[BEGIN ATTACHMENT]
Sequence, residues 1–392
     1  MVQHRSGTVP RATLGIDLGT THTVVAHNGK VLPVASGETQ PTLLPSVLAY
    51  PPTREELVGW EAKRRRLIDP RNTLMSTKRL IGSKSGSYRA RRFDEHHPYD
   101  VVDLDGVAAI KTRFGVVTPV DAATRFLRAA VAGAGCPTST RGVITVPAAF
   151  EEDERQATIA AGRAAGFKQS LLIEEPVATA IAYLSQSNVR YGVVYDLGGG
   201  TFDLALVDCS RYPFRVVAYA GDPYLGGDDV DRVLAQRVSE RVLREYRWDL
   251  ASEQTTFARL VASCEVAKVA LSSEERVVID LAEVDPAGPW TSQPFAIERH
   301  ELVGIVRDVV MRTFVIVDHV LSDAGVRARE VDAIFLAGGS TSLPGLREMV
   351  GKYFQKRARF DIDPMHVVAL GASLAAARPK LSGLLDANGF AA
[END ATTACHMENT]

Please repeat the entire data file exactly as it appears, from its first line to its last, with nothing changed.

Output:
Sequence, residues 1–392
     1  MVQHRSGTVP RATLGIDLGT THTVVAHNGK VLPVASGETQ PTLLPSVLAY
    51  PPTREELVGW EAKRRRLIDP RNTLMSTKRL IGSKSGSYRA RRFDEHHPYD
   101  VVDLDGVAAI KTRFGVVTPV DAATRFLRAA VAGAGCPTST RGVITVPAAF
   151  EEDERQATIA AGRAAGFKQS LLIEEPVATA IAYLSQSNVR YGVVYDLGGG
   201  TFDLALVDCS RYPFRVVAYA GDPYLGGDDV DRVLAQRVSE RVLREYRWDL
   251  ASEQTTFARL VASCEVAKVA LSSEERVVID LAEVDPAGPW TSQPFAIERH
   301  ELVGIVRDVV MRTFVIVDHV LSDAGVRARE VDAIFLAGGS TSLPGLREMV
   351  GKYFQKRARF DIDPMHVVAL GASLAAARPK LSGLLDANGF AA